Critical Transformations: Macrostructures, Religion, and Critique
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AbstractCan critical research on religion offer both an ideology critique and a critical retrieval of religious import? This essay suggests that it can, offering a programmatic sketch for a full-fledged critique of religion—a critique both aimed at religion and inspired by religion in a self-critical fashion. The sketch weds elements of a robustly normative critique of Western society with insights derived from the Frankfurt School. First the essay maps three societal macrostructures that organize much of contemporary social life—civil society, proprietary economy, and administrative state. Then it discusses solidarity, resourcefulness, and justice as societal principles that can sustain a critique of societal macrostructures. Next it identifies normative deficiencies within and between these macrostructures. On the basis of this architectonic critique, the essay then provides an account of religion in its critical and utopian roles. It concludes by envisioning a normative and emancipatory transformation of society as a whole.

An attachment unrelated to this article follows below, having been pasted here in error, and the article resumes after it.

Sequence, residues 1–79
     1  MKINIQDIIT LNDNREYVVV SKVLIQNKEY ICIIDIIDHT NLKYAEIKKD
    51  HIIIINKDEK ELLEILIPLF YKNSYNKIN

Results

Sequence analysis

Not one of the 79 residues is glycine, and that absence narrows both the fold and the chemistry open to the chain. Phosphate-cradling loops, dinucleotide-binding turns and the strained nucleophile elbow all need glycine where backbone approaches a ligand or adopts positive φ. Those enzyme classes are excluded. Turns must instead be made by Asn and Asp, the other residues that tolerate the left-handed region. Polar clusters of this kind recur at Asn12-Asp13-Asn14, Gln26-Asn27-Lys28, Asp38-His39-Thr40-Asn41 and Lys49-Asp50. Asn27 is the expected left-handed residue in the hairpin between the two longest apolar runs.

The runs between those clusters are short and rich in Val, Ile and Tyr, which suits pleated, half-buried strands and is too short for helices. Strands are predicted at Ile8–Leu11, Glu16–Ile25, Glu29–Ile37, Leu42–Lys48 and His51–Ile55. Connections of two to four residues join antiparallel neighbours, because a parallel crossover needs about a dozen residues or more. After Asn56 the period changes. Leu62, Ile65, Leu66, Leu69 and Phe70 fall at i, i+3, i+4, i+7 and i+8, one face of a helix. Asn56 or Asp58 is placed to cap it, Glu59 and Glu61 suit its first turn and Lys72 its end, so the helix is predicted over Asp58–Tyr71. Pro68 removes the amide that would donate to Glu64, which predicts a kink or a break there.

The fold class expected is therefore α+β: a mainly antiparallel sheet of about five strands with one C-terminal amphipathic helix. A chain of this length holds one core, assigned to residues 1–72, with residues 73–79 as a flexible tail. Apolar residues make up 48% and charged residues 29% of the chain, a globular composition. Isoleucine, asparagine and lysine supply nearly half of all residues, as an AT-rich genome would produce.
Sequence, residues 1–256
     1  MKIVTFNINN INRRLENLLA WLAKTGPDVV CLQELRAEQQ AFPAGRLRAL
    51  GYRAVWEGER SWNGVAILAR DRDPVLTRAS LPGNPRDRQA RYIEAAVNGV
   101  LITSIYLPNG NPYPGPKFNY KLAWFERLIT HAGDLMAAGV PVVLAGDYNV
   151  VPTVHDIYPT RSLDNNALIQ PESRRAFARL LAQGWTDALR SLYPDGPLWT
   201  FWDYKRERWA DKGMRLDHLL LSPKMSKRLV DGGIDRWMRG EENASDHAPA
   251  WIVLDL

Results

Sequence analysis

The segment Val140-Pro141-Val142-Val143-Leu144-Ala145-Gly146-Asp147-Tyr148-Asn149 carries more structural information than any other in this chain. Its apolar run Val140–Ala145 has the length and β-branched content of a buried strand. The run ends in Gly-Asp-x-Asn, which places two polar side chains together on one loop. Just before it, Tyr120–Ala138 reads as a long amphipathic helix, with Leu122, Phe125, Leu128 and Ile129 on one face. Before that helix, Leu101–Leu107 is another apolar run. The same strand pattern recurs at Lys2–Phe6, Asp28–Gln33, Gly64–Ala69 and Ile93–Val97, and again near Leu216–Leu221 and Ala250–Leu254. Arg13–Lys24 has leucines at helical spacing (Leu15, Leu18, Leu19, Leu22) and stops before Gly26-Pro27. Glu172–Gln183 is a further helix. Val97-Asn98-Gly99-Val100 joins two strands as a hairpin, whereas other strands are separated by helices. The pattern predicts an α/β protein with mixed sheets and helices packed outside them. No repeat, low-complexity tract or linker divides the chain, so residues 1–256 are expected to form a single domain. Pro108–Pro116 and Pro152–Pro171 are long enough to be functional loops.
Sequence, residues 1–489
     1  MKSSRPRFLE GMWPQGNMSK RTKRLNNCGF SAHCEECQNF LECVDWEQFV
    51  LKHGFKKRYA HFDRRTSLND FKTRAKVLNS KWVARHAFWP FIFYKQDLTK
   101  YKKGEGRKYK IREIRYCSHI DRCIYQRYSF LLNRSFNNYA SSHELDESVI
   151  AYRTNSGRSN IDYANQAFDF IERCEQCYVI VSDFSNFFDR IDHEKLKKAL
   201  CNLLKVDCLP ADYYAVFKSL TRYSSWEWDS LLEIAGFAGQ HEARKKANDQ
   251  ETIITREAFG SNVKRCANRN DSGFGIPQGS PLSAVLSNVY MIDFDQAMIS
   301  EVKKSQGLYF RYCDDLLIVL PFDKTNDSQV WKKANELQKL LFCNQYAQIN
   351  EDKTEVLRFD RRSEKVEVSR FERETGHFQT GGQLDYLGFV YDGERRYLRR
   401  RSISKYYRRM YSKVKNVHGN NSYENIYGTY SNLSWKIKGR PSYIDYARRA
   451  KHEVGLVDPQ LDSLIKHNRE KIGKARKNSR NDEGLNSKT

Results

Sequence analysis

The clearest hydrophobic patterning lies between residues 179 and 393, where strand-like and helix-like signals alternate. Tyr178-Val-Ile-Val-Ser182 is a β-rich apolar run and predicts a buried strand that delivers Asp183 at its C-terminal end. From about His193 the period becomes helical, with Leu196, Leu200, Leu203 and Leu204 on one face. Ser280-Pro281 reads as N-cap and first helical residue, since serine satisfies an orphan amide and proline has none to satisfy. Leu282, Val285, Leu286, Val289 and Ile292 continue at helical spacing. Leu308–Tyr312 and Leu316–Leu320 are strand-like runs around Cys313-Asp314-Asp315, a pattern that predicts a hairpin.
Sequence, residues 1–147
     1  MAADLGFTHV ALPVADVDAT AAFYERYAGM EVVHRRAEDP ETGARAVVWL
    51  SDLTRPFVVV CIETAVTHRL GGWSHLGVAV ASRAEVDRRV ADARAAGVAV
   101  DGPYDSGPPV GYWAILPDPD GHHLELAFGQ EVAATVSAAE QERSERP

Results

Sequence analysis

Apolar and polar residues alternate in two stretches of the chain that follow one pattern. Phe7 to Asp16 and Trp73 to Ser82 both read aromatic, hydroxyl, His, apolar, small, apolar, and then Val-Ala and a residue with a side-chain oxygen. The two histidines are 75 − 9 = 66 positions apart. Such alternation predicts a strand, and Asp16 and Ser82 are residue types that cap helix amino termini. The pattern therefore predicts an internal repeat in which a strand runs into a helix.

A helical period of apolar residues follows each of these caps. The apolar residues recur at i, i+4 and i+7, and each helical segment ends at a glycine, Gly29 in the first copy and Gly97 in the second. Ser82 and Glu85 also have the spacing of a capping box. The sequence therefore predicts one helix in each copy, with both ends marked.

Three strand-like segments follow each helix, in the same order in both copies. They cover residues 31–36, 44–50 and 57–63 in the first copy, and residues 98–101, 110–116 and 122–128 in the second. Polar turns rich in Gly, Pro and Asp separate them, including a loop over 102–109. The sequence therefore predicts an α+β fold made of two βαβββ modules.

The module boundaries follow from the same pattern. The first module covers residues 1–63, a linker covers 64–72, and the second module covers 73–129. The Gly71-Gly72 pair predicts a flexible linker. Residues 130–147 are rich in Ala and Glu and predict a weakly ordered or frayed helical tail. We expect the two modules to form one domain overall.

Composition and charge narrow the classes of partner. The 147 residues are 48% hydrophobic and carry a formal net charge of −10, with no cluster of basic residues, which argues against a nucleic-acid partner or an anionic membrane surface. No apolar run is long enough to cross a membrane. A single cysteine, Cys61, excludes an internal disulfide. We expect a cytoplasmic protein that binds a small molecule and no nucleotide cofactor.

CitationZuidervaart, Lambert. "Critical Transformations: Macrostructures, Religion, and Critique." Critical Research on Religion 1.3 (2013): 243-269
PublisherSAGE Publications Ltd.
JournalCritical Research on Religion
DescriptionThe version of this essay in ICS’s Institutional Repository is the one accepted for publication. The final definitive version, which includes an abstract and keywords as well as a diagram of societal macrostructures, has been published in the journal Critical Research on Religion 1.3 (2013): 243-269 by SAGE Publications Ltd., All rights reserved. © Lambert Zuidervaart. The published version has the DOI 10.1177/2050303213506475 and can be found at the SAGE Journals Online site: http://online.sagepub.com
Rights holderPublished by: Sage Publications Ltd. Available online to libraries and individuals through SAGE Premier 2013. DOI 10.1177/2050303213506475
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